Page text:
Plan Conditional Access policies


Planning your Conditional Access deployment is critical to achieving your organization's access strategy for apps and resources.

In a mobile-first, cloud-first world, your users access your organization's resources from anywhere using various devices and apps. As a result, focusing on who can access a resource is no longer enough. You also need to consider where the user is, the device being used, the resource being accessed, and more.

Microsoft Entra Conditional Access (CA) analyzes signals, such as user, device, and location, to automate decisions and enforce organizational access policies for resource. You can use CA policies to apply access controls like multifactor authentication (MFA). CA policies allow you to prompt users for MFA when needed for security and to stay out of users’ way when not needed.

Diagram of how Conditional Access works. Centralize identity provider verifies rules before access is granted.

Although security defaults ensure a basic level of security, your organization needs more flexibility than security defaults offer. You can use CA to customize security defaults with more granularity and to configure new policies that meet your requirements.


The benefits of deploying CA are:

  • Increase productivity. Only interrupt users with a sign-in condition like MFA when one or more signals warrants it. CA policies allow you to control when users are prompted for MFA, when access is blocked, and when they must use a trusted device.
  • Manage risk. Automating risk assessment with policy conditions means risky sign-ins are at once identified and remediated or blocked. Coupling Conditional Access with Identity Protection, which detects anomalies and suspicious events, allows you to target when access to resources is blocked or gated.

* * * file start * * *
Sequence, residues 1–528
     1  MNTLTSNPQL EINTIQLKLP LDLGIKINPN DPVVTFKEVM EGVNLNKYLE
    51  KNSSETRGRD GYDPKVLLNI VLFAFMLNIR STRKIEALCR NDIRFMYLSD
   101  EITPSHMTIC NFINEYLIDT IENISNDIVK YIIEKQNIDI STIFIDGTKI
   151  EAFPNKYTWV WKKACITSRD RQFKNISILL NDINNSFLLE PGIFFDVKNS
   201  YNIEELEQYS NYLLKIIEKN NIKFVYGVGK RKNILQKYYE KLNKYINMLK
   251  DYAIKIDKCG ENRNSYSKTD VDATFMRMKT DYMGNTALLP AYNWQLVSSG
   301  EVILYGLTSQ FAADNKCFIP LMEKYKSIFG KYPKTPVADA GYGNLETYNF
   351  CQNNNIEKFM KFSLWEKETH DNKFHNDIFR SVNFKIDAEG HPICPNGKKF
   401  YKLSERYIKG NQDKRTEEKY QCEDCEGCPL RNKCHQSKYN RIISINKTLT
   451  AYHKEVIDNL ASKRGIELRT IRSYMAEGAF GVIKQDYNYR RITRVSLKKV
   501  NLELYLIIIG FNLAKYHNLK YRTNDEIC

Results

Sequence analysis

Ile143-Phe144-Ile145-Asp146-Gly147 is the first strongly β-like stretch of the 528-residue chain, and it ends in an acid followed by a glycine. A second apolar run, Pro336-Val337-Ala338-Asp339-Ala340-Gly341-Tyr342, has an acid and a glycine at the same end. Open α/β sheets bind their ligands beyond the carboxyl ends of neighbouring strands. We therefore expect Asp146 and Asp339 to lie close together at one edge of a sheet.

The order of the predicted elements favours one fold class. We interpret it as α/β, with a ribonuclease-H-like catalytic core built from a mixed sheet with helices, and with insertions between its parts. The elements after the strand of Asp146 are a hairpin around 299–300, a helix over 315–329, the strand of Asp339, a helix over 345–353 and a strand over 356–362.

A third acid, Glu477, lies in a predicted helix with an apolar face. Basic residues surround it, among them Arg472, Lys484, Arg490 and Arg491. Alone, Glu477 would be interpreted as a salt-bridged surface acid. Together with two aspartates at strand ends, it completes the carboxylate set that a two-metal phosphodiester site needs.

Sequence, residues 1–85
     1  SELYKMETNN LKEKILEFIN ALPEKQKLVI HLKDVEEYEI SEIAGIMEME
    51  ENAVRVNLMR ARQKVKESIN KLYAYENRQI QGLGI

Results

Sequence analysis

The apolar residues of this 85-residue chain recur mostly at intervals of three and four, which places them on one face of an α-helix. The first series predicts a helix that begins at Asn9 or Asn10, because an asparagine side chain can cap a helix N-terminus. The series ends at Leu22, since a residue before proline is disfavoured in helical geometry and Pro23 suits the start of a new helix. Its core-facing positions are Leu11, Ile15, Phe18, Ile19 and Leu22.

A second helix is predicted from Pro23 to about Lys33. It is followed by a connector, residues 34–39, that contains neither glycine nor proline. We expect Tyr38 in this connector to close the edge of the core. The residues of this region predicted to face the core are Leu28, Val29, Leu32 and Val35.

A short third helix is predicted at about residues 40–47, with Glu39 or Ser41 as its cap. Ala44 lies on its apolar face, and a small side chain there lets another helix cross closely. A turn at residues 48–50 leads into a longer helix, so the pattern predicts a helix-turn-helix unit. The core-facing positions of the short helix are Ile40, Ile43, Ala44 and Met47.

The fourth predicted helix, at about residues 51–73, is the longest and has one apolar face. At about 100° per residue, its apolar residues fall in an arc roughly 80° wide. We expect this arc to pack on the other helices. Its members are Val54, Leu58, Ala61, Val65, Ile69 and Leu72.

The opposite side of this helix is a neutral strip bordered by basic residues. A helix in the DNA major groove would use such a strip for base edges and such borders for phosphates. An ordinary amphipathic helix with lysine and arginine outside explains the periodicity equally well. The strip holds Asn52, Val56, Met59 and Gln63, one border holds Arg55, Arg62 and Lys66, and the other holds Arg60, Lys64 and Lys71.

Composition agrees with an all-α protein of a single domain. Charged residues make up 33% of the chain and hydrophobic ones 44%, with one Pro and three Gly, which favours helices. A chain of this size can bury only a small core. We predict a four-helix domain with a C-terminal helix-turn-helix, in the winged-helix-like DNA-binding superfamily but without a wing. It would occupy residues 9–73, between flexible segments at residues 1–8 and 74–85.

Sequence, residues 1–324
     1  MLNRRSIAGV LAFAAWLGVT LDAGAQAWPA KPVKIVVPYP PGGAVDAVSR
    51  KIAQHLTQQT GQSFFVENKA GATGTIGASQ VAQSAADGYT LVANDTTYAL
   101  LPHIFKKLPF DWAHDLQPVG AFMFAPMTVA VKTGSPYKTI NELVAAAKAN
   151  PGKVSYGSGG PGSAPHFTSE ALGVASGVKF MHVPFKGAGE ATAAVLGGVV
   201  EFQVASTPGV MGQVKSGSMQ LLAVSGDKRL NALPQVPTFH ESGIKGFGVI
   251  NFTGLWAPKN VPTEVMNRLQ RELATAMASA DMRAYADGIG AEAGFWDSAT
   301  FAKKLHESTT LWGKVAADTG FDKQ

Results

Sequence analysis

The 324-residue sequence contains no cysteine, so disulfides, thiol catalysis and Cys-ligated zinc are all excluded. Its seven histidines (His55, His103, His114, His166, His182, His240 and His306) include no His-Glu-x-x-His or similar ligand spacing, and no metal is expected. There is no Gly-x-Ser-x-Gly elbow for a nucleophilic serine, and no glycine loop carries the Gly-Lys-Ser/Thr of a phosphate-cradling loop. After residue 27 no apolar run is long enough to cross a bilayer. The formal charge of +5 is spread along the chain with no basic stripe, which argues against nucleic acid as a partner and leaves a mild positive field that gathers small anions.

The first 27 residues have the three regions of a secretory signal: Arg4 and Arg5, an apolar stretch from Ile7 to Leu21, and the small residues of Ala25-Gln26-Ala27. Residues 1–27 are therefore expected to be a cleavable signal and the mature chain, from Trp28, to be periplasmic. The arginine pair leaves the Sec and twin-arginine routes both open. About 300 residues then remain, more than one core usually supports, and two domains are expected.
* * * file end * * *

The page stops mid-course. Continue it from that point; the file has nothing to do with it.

• Address compliance and governance. CA enables you to audit access to applications, present terms of use for consent, and restrict access based on compliance policies.
  • Manage cost. Moving access policies to Microsoft Entra ID reduces the reliance on custom or on-premises solutions for CA and their infrastructure costs.
  • Zero trust. Conditional Access helps you move toward a zero-trust environment.

Understand Conditional Access policy components

CA policies are if-then statements: If an assignment is met, then apply these access controls. When the admin configures CA policies, conditions are called assignments. CA policies allow you to enforce access controls on your organization’s apps based on certain assignments.

Screenshot of the conditional access dialog with the create policy screen open for configuration.

Assignments define the users and groups to be affected by the policy, the cloud apps or actions to which the policy will apply, and the conditions under which the policy will apply. Access control settings grant or block access to different cloud apps and can enable limited experiences within specific cloud apps.

Some common questions about assignments, access controls, and session controls:

  • Users and Groups: Which users and groups will be included in or excluded from the policy? Does this policy include all users, specific group of users, directory roles, or external users?
  • Cloud apps or actions: What application(s) will the policy apply to? What user actions will be subject to this policy?
  • Conditions: Which device platforms will be included in or excluded from the policy? What are the organization’s trusted locations?
  • Access controls: Do you want to grant access to resources by implementing requirements such as MFA, devices marked as compliant, or Microsoft Entra hybrid joined devices?